Snodgrass Focused On The Future
Looking ahead to fall season
These are emotional times for high school athletes, coaches and fans all over Ohio.
Just 24 hours removed from the announcement that schools would remain closed and therefore spring sports are off for 2020, OHSAA Executive Director Jerry Snodgrass met with media from around the state in a nearly 60-minute teleconference Tuesday afternoon.
Snodgrass, who is in his second year at the helm of the OHSAA, expressed his remorse for what’s transpired since March when the coronavirus arrived in Ohio. However, he stressed that he and his staff are already starting the process of looking ahead.
“I took this job with a myriad of goals and ideas to build on from my predecessors, but I don’t know if I will ever work on them because my goal now is to return sports (in Ohio) to what they were and make them better.”
The process to bring sports back and improve them begins immediately for the OHSAA staff, which has now turned its attention to the 2020-21 school year. However, what stares them in the face is more unknowns.
Snodgrass didn’t sugarcoat the situation.
“I am concerned about fall sports and the Class of 21 dealing with similar things,” Snodgrass said. “We’re preparing for many what ifs and we won’t let our regulations handcuff us as to what we’re going to do.”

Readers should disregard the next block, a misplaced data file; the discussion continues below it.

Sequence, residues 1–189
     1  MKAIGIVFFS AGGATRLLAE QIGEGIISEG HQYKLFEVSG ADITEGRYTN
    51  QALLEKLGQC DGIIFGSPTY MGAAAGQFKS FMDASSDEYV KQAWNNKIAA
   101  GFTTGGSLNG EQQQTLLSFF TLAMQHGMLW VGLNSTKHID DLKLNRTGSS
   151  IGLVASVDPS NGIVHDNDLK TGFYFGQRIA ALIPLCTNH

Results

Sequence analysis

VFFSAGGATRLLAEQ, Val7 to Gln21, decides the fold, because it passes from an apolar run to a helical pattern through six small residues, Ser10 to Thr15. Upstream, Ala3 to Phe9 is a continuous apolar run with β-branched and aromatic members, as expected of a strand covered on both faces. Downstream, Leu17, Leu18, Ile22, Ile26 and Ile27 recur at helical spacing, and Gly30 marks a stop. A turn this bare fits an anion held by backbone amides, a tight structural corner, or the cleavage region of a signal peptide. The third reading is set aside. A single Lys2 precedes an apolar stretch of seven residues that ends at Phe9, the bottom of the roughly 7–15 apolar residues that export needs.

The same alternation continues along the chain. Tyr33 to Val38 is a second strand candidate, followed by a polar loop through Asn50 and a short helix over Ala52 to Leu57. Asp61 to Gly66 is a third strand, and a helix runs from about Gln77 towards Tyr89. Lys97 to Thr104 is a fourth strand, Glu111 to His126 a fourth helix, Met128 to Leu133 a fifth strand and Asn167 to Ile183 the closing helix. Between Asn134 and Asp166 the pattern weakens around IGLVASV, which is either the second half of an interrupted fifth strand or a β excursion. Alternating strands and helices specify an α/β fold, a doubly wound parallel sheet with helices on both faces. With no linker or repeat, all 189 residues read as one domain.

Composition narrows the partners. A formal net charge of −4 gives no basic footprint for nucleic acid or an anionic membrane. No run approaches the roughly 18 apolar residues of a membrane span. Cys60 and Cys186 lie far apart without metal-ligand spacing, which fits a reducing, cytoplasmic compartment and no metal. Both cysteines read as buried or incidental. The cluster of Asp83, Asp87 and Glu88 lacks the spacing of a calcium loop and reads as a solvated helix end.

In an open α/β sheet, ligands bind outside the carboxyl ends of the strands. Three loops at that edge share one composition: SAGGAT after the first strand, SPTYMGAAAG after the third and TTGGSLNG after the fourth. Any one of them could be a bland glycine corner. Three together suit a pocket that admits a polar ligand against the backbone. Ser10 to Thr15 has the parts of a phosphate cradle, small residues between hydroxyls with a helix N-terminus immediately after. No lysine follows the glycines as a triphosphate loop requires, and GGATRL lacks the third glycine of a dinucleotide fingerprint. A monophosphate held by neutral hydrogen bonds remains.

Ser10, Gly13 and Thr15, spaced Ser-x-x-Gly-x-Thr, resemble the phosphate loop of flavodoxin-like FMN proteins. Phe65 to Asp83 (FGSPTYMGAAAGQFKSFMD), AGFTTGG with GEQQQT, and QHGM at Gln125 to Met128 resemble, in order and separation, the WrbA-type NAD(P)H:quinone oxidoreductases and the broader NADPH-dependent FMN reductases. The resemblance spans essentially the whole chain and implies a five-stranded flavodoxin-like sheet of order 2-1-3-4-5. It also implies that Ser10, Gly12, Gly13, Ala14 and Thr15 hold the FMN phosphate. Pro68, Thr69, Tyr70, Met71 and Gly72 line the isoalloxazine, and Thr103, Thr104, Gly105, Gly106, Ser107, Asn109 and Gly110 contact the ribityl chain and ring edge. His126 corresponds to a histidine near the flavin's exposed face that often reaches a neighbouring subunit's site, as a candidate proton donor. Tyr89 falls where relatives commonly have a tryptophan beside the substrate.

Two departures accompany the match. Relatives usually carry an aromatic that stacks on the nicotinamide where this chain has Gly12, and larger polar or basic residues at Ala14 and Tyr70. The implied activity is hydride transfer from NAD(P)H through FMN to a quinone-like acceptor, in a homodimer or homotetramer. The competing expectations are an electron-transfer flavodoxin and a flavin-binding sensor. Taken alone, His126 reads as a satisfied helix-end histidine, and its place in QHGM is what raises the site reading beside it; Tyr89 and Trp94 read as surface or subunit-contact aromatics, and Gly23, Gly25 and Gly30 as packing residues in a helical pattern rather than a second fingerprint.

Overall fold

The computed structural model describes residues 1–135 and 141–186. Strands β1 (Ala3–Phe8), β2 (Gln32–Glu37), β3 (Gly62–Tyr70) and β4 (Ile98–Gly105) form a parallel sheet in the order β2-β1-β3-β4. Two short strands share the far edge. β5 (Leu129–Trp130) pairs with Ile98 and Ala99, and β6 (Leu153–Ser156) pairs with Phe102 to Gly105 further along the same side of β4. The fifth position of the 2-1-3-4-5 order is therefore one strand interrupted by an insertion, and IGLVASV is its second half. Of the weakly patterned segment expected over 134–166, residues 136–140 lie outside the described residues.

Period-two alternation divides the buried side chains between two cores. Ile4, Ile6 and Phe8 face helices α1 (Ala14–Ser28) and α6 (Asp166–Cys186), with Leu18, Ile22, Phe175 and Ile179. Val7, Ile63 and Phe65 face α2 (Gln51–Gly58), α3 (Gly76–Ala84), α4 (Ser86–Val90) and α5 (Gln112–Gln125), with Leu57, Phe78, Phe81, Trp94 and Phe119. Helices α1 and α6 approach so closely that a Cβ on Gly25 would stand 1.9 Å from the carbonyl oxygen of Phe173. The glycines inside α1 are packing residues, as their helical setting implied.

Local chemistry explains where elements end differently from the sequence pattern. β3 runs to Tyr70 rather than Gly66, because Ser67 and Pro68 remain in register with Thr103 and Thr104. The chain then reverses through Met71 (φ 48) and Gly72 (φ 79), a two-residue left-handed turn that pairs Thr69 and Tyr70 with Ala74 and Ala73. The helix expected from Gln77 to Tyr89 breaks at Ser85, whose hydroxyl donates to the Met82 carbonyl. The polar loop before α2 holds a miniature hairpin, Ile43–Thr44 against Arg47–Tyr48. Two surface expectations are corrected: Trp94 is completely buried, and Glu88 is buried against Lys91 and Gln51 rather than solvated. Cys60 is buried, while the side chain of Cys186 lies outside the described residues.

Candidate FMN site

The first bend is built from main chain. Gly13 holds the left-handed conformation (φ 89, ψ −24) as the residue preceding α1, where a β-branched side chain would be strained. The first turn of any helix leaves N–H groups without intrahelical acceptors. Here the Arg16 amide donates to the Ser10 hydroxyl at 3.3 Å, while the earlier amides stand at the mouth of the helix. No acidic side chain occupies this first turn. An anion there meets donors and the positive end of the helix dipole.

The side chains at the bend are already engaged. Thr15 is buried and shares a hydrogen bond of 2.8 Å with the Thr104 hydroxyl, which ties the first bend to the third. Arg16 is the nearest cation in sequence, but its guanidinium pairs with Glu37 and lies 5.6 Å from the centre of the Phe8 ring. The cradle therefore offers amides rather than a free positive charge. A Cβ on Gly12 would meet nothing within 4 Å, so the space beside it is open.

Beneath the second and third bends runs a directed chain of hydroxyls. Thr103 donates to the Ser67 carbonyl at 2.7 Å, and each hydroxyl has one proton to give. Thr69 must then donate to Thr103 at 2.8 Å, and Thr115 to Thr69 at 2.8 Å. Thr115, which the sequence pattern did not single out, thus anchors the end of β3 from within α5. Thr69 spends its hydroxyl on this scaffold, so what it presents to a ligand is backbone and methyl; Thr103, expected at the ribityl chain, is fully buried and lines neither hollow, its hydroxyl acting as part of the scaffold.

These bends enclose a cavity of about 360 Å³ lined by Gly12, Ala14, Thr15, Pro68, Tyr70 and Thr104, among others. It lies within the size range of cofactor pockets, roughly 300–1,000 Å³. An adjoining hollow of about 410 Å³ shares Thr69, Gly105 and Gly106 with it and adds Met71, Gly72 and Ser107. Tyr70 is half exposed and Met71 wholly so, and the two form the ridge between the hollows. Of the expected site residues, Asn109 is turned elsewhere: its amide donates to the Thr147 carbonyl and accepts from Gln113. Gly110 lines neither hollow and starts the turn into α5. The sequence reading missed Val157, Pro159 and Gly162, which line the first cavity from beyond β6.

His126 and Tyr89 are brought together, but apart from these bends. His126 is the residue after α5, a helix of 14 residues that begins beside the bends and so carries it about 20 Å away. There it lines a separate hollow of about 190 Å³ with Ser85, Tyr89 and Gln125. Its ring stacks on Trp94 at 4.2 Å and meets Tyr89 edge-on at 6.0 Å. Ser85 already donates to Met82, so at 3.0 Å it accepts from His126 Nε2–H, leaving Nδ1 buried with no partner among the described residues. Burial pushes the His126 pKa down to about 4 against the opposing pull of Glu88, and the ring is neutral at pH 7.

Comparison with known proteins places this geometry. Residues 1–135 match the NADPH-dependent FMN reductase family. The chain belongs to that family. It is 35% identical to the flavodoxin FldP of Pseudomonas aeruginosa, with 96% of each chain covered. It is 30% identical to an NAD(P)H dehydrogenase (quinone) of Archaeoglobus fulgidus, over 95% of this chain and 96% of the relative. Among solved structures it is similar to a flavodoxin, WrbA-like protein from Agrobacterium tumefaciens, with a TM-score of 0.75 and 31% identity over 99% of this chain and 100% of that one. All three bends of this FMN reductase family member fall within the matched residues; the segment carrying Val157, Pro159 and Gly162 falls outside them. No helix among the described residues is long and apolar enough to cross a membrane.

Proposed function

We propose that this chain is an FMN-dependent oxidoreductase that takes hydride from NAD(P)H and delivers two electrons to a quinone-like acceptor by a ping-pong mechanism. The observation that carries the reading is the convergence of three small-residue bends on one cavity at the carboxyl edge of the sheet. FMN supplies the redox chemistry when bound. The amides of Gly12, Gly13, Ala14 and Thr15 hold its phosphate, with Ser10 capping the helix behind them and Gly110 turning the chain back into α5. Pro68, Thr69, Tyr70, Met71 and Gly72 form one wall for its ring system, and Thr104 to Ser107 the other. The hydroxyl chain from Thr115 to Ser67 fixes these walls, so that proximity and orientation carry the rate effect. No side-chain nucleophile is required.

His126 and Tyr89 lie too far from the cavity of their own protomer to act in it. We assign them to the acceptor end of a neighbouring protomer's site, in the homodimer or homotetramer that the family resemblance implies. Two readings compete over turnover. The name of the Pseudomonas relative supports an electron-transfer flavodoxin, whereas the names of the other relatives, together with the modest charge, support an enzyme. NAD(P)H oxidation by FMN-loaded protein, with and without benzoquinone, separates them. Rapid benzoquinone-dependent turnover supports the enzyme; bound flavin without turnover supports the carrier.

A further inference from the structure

Currently, the OHSAA membership remains in a non-contact period for coaches and athletes until May 3. Whether or not that is lifted, and when, is still yet to be determined based upon what Gov. Mike DeWine decides as the state of Ohio works toward re-opening.
“We sent out a survey to the membership and have had almost 800 responses and I’d say 95 percent of the schools have said they support a no contact period into June 1,” Snodgrass said.
Fall sports are currently slated to begin practicing on Aug. 1, but Snodgrass wasn’t so sure that date will be written in stone one way or another. That decision may not be revealed until early June.
“We’re not going to put things out to the schools or public before there are certainties,” Snodgrass said.
Though official practices normally commence in August, June and July are usually busy months for prep athletes, too. For instance, a lot of boys basketball and volleyball summer leagues are held in June, while girls basketball plays in July and football begins to really increase its workouts and 7-on-7 events during that month.
Again, however, the future of those events begins with whether or not facilities are available.
“We don’t have the authority to shut down a facility totally because many (tracks at) football stadiums around the state are open for walking and such, but we can shut down a facility for use by athletes and coaches,” Snodgrass said.